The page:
Rangers kid line needs to play more; but where should the minutes come from?

The Rangers kid line is their most consistent, but where can more ice time come from?
NEW YORK, NEW YORK РMAY 05: Kaapo Kakko #24 and Alexis Lafreni̬re #13 of the New York Rangers talk during the game against the Pittsburgh Penguins in Game Two of the First Round of the 2022 Stanley Cup Playoffs at Madison Square Garden on May 05, 2022 in New York City. (Photo by Jared Silber/NHLI via Getty Images)

The Rangers kid line of Filip Chytil centering Kaapo Kakko and Alexis Lafreniere has been the consensus best line at even strength for the Rangers. They are the only line that consistently cycles and generates offense that is more than one-and-done. There are very real calls for them to receive more ice time, but where would those minutes come from?

Current ice time for Rangers kid line

Through the five games of the Eastern Conference Final, the Rangers kid line has received about 11 minutes of ice time at all strengths, per Natural Stat Trick.

A couple points: Game 3 is skewed because that’s when the Rangers lost Ryan Strome, which significantly increased Chytil’s time. Game 4 Chytil was hurt, thus his low ice time. But the general ice time for the Rangers kid line is 11 minutes per game, with the overwhelming majority of it coming at even strength.

The Rangers top powerplay unit will dominate the powerplay time, as expected. The second powerplay unit doesn’t include Kaapo Kakko, which explains why his ice time is lower than Lafreniere and Chytil. So for all intents and purposes, the kid line gets their ice time at even strength, with maybe a shift or two on the powerplay.

Where should the increased ice time come from?

For a fully healthy Rangers team, divvying up ice time is a tricky thing. The third line right now gets the third most ice time, ahead of the fourth line, on average. They are 7th (Lafreniere), 8th (Chytil), and 10th (Kakko) in ice time among forwards. Barclay Goodrow is 9th in ice time at even strength, but he’s bounced to the second line here and there. That’s expected.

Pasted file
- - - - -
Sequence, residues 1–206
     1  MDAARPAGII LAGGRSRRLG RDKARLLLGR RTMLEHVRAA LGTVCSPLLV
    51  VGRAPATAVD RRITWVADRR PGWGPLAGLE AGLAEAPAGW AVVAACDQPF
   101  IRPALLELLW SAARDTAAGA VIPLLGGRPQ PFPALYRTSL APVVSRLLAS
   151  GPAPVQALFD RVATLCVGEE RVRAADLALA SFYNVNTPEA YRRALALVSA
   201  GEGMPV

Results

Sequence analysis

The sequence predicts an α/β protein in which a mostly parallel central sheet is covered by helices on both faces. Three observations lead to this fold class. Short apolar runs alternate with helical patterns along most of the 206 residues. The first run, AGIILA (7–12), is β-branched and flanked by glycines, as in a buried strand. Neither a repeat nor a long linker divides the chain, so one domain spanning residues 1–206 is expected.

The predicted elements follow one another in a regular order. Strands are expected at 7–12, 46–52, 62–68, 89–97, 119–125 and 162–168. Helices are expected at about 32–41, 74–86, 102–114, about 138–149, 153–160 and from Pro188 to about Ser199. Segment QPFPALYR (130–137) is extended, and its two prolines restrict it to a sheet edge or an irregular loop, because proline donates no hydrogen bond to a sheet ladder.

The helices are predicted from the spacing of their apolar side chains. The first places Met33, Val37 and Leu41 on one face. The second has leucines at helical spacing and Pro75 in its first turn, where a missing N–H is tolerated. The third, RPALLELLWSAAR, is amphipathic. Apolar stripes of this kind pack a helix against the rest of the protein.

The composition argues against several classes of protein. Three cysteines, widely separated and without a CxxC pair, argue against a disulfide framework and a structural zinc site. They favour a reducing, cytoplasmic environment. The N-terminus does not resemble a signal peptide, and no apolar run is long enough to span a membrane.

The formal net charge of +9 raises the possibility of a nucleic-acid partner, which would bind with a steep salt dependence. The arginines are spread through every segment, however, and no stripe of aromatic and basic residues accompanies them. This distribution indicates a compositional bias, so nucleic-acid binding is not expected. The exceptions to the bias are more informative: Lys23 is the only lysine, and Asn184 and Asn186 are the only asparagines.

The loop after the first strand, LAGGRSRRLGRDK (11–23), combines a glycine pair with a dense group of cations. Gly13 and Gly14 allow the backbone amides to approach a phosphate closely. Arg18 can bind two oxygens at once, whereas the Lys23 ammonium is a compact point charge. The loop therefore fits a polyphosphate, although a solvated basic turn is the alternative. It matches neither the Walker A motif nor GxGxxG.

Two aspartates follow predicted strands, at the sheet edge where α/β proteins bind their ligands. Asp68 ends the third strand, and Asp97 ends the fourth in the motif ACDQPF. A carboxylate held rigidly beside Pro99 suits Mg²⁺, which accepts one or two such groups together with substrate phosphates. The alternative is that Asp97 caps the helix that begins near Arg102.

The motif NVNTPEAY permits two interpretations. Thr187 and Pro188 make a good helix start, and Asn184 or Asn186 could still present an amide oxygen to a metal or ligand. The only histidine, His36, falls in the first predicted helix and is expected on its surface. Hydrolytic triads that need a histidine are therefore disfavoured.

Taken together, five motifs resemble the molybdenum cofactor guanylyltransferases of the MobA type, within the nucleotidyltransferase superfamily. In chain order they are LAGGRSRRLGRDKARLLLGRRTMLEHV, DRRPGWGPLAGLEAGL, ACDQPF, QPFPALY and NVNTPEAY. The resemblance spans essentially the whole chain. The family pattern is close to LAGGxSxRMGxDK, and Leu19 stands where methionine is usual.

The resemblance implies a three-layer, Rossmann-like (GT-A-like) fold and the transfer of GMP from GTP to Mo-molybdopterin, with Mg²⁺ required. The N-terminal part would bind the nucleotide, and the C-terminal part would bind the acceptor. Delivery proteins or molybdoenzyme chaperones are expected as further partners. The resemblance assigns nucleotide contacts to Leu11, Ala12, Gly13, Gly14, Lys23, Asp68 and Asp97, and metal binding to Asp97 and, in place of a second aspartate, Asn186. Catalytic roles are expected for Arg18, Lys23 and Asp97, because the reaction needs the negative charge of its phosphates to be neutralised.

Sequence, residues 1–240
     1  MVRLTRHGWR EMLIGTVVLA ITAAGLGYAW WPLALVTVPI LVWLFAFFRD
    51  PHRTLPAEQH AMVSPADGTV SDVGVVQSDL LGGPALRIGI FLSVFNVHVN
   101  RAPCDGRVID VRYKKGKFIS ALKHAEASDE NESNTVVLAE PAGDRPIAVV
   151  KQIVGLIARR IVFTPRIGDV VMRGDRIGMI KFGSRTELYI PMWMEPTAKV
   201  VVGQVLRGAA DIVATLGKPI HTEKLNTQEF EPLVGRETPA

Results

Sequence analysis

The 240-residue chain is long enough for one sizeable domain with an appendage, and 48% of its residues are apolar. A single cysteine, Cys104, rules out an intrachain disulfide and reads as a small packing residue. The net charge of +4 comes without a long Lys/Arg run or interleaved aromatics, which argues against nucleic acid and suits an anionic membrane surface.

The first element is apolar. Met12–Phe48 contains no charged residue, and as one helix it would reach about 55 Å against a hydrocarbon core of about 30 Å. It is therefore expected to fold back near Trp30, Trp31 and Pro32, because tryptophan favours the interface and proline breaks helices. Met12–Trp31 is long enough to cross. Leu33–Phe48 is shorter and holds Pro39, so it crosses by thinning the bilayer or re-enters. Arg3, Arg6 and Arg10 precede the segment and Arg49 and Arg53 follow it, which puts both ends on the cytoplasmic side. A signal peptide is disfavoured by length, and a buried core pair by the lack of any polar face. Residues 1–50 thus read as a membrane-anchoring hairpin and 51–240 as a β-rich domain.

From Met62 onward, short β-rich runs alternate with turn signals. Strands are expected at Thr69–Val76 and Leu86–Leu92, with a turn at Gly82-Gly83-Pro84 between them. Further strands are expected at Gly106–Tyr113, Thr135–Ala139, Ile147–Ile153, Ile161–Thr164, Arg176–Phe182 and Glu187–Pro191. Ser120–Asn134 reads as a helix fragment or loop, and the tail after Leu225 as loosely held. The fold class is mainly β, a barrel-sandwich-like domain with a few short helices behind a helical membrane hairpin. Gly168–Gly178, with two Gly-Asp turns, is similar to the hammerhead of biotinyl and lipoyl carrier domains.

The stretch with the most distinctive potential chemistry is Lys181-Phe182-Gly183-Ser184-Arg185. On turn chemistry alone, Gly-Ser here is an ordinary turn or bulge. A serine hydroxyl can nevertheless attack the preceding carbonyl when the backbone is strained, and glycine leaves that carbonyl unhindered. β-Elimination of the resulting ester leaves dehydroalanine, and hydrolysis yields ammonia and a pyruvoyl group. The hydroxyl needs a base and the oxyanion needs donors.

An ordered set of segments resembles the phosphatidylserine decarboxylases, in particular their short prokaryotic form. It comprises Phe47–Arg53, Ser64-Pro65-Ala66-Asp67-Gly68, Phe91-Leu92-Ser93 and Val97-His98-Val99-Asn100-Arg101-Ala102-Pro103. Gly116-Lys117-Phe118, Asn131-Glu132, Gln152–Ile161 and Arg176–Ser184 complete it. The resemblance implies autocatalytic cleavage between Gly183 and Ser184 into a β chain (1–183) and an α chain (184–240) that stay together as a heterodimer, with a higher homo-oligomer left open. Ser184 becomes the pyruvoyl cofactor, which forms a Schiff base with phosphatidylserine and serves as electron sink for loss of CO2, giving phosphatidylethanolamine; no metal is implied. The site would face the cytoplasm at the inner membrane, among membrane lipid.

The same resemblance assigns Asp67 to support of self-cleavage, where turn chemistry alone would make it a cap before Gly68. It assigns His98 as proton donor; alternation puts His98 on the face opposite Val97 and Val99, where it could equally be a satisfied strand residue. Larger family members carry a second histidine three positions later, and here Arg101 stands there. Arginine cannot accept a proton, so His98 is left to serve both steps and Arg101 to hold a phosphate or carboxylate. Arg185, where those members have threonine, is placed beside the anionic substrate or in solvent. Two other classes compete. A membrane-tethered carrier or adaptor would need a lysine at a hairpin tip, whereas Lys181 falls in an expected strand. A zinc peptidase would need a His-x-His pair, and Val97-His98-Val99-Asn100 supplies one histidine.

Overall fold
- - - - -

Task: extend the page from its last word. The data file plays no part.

So where does this ice time come from? The first instinct is to take ice time away from the fourth line, which has generate no offense all playoffs. The fourth line gets 10 minutes per game, which is about 2-3 fewer shifts than the third line. The best place to get ice time for the Rangers kid line is to give some of those offensive zone faceoffs to them, and take them away from the fourth line.

It is worth noting that the fourth line currently receives the fewest offensive zone faceoffs per 60 minutes in the playoffs. I know the narrative is that the fourth line gets all these minutes and faceoffs in the offensive zone, but it’s just not true. The fourth line receives mostly neutral zone starts.

Perhaps, given the relative poor offensive generation from the top two lines, you can give the Rangers kid line 1 additional offensive zone start from the top six in addition to the 1-2 starts from the fourth line. It’s not a perfect science by any means, but it would at least be an attempt to get them more ice time.

It’s not as simple as “play them more”

Even as we break down where the Rangers kid line can get more ice time, it’s not that simple. Obviously faceoff location matters, but that only accounts for a percentage of shifts. Most shifts are on the fly and part of a regular rotation. A stoppage in the offensive zone at the end of a kid line shift doesn’t mean the kid line should stay out there. A defensive zone faceoff when the top six and fourth lines have just finished their shifts doesn’t mean the kid line should avoid it.

Even aside from on the fly shifts and line rotation, there are matchups to consider. Gerard Gallant prefers to get the third line out there against weaker competition, with good reason. We get into muddier waters trying to find ice time for the kids when we factor in matchups, both at home and on the road though.

The easy answer to all of this is to take ice time from the fourth line, which can be as simple as changing the line rotation, which Gallant does run pretty evenly at even strength. Perhaps that’s all the Rangers need to do.